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US forces must keep training hard in Japan, commander says after deadly midair collision

U.S. Air Force Lt. Gen. Jerry P. Martinez, the U.S. Forces Japan and Fifth Air Force commander, engages with aircraft structural maintenance Airmen during his visit at Misawa Air Base, Japan, Oct. 11, 2018. (U.S. Air Force photo by Tech. Sgt. Benjamin W. Stratton) (Photo Credit: Tech. Sgt. Benjamin Stratton)

United States forces in the Far East need to train hard at night and in bad weather to deter adversaries, America’s top general in Japan told local reporters Wednesday.

Air Force Lt. Gen. Jerry Martinez, nearing the end of a more than two-year stint as commander of U.S. Forces Japan, spoke about safety and readiness and other topics during a question-and-answer session at the Japan National Press Club.

He began by thanking Japanese forces for their search-and-rescue efforts last month after a pair of U.S. military aircraft collided during nighttime training over the Philippine Sea. Six Marines were killed in the incident.

Martinez also mentioned other collisions involving the Yokosuka, Japan-based USS Fitzgerald and USS McCain in 2017 that resulted in 17 sailors’ deaths.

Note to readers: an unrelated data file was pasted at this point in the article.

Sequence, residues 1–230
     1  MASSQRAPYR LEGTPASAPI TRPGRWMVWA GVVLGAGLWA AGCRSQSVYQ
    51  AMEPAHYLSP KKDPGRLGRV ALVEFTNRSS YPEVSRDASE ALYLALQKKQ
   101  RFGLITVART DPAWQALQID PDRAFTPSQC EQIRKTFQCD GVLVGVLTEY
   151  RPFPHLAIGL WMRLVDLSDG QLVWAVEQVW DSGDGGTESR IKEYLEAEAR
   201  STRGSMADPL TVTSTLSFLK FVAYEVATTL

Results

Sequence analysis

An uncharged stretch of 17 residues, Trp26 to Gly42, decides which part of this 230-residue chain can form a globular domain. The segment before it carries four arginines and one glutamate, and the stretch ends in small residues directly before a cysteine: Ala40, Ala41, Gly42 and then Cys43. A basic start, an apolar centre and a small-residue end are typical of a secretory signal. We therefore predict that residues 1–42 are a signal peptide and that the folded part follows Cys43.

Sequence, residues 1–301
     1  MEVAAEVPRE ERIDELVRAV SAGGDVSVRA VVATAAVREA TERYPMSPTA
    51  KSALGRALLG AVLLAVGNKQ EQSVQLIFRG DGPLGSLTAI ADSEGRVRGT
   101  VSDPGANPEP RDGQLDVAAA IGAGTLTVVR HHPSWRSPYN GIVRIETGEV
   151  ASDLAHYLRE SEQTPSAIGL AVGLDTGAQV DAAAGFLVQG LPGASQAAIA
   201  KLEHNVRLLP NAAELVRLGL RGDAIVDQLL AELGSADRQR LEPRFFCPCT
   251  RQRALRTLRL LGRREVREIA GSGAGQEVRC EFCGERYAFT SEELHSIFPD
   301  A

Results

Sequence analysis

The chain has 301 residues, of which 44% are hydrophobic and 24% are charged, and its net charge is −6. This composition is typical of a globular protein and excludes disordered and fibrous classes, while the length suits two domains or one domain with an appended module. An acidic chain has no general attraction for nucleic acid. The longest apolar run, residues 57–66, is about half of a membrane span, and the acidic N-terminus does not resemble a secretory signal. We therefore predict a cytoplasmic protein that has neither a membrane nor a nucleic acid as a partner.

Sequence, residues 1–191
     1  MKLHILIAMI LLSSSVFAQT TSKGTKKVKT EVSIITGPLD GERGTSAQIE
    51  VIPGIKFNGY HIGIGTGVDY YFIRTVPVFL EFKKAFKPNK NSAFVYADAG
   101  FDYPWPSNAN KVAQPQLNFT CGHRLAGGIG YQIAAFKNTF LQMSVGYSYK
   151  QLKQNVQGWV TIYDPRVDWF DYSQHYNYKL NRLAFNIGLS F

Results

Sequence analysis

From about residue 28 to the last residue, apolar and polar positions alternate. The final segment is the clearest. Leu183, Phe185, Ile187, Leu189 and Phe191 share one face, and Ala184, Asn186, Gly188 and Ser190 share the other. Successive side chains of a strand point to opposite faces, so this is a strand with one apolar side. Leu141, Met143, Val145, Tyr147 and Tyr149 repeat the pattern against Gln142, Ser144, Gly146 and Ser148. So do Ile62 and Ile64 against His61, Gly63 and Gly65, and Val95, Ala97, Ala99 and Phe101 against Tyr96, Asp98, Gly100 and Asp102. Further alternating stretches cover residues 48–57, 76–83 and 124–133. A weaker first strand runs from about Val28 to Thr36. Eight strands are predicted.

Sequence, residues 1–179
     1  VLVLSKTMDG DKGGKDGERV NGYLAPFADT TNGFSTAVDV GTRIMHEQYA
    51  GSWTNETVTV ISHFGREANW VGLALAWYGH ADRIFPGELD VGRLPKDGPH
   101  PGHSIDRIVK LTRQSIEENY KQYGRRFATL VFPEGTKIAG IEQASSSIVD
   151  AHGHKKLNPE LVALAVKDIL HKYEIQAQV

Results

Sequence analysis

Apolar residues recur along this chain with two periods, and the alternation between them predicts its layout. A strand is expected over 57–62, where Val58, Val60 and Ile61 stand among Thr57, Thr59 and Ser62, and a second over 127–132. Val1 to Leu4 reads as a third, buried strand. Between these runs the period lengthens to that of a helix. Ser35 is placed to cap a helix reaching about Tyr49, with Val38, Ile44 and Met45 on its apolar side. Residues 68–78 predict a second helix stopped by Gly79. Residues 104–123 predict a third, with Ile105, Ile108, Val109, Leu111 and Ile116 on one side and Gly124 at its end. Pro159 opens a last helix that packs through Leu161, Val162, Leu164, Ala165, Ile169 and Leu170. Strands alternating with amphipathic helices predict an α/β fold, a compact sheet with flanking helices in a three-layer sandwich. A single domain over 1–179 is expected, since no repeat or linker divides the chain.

“The accidents were tragic,” he said, adding that U.S. forces have learned a lot from those incidents and will continue to work hard to remain ready.

“Our adversaries train at high levels,” he said. “If we don’t train at the level that they train our forces won’t be capable.”

Martinez didn’t call out those adversaries by name but outlined recent developments in the region involving China, North Korea and Russia.

U.S. military leaders understand that training impacts local communities and they work hard to mitigate those impacts, he said.

But he added that the need for readiness is greater than ever.

“We need to be ready to win if others choose the path of aggression,” he said.

That means training at night and in bad weather, he added.

“Servicemembers are prepared to give their lives defending this country and ours,” he said. “If we are going to send our sons and daughters into harm’s way, they must be the very best at what they do. They need to train hard.”

The importance that the U.S. places on its alliance with Japan is clear from the many recent official visits by officials ranging from President Donald Trump to Vice President Mike Pence and other high-level military personnel, Martinez said.

He also mentioned efforts by members of the Okinawa-based III Marine Expeditionary Force to help Japan build its amphibious brigade and how the U.S. has brought its latest equipment — such as F-35B Lighting II stealth fighters, C-130J Super Hercules cargo planes, CV-22 Ospreys and the USS Wasp amphibious-assault ship — to the country.

More than 100,000 U.S. servicemembers, civilians and family members are stationed in Japan, Martinez added.

“Our presence is a deterrent against countries who engage in coercion,” he said.


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